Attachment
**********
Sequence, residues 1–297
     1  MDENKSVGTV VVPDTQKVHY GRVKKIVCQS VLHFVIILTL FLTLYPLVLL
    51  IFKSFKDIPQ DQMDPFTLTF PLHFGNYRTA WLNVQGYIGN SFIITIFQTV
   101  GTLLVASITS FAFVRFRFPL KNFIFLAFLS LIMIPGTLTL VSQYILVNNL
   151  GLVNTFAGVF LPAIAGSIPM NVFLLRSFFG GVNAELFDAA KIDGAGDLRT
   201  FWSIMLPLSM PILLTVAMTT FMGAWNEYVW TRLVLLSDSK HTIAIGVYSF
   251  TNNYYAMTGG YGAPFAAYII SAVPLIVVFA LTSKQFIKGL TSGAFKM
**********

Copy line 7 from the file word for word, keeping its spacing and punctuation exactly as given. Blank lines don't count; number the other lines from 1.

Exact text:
   251  TNNYYAMTGG YGAPFAAYII SAVPLIVVFA LTSKQFIKGL TSGAFKM